The secretary of State, noting that ICMC is now working in close contact with the Migrants and Refugees Section of the Dicastery for Promoting Integral Human Development, expressed the hope that “this definite and expert experience of dialogue in order to create and sustain that network of solidarity, which alone can respond to today’s pressing needs and, together, guarantee the implementation of those agreements which are so greatly needed at the international level.”

Two days later, March 8, Pope Francis addressed the ICMC and said it is his hope that the work of ICMC will continue to “inspire local Churches to do all they can for persons forced to leave their home countries and who, all too often, become victims of dishonesty, violence and abuse of every sort.” He also highlighted ICMC’s “invaluable experience accumulated over many years of work, … to offer expert assistance to Bishops’ Conferences and Dioceses that seek to respond more effectively to this epochal challenge,” conferences whose “common intent is to bear witness before the world to the Church’s pastoral concern for “our migrant and refugee brothers and sisters.”


FYI: See Press Office Director Greg Burke said in a statement today, January 12, that Pope Francis has accepted an invitation from His Beatitude Sviatoslav Shevchuk, Archbishop Major of Kyiv-Halyč of the Ukrainians and, on Sunday, January 28 at 4 pm, will visit the Basilica of Santa Sofia in Rome and meet with the Ukrainian Greek/Catholic community.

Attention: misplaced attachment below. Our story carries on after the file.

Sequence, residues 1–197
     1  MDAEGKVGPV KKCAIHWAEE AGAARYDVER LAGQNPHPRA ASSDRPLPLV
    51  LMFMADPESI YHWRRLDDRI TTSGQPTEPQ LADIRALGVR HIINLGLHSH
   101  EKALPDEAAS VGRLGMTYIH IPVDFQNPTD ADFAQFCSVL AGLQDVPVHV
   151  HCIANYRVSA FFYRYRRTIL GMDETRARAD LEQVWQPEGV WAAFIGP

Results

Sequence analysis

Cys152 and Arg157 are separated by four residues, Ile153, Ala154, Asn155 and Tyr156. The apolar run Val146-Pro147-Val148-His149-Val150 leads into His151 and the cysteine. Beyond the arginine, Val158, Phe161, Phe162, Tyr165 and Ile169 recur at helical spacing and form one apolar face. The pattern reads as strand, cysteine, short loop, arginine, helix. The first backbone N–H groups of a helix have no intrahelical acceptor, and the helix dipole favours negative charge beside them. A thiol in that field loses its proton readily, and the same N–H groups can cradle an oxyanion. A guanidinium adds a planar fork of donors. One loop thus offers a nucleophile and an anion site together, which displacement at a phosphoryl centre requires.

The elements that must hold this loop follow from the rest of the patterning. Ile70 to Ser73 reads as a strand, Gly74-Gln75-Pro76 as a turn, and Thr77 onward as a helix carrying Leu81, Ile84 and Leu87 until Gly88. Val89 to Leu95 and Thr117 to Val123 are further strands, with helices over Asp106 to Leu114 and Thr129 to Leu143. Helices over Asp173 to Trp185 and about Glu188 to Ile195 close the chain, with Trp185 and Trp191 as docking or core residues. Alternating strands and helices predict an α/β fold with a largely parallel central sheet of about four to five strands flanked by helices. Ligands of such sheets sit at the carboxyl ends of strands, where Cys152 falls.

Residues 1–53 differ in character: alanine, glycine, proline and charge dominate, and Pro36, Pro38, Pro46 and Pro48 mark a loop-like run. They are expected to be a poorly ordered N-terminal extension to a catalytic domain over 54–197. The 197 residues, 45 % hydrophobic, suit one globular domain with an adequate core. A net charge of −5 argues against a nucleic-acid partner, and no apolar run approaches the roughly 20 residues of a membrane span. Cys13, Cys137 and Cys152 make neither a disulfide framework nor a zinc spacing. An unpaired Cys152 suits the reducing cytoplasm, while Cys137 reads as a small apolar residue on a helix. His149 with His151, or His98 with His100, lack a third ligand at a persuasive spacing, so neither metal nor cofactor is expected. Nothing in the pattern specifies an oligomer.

I welcome you to Vatican Insider on a weekend –specifically on the second Sunday after the Epiphany – when the Church celebrates the World day of Migrants and Refugees. Because of this world day and the growing numbers of both migrants and refugees throughout the world and related issues for governments, you will absolutely want to tune in to Part II of my conversation with Msgr. Robert Vitillo, secretary general of ICMI – International Catholic Migration Commission.

He is an affable, capable, multi-lingual trained social worker with a broad expertise in migration and refugee services, child protection, social services, human rights, HIV/AIDS and global health. From 2005 to 2016, he served as Head of Delegation of Caritas Internationalis in Geneva and as Special Advisor on HIV and AIDS. As we spoke in Rome, I learned so much about the Church’s work in this area and it was absolutely fascinating. This is a front page issue today so do not miss our conversation!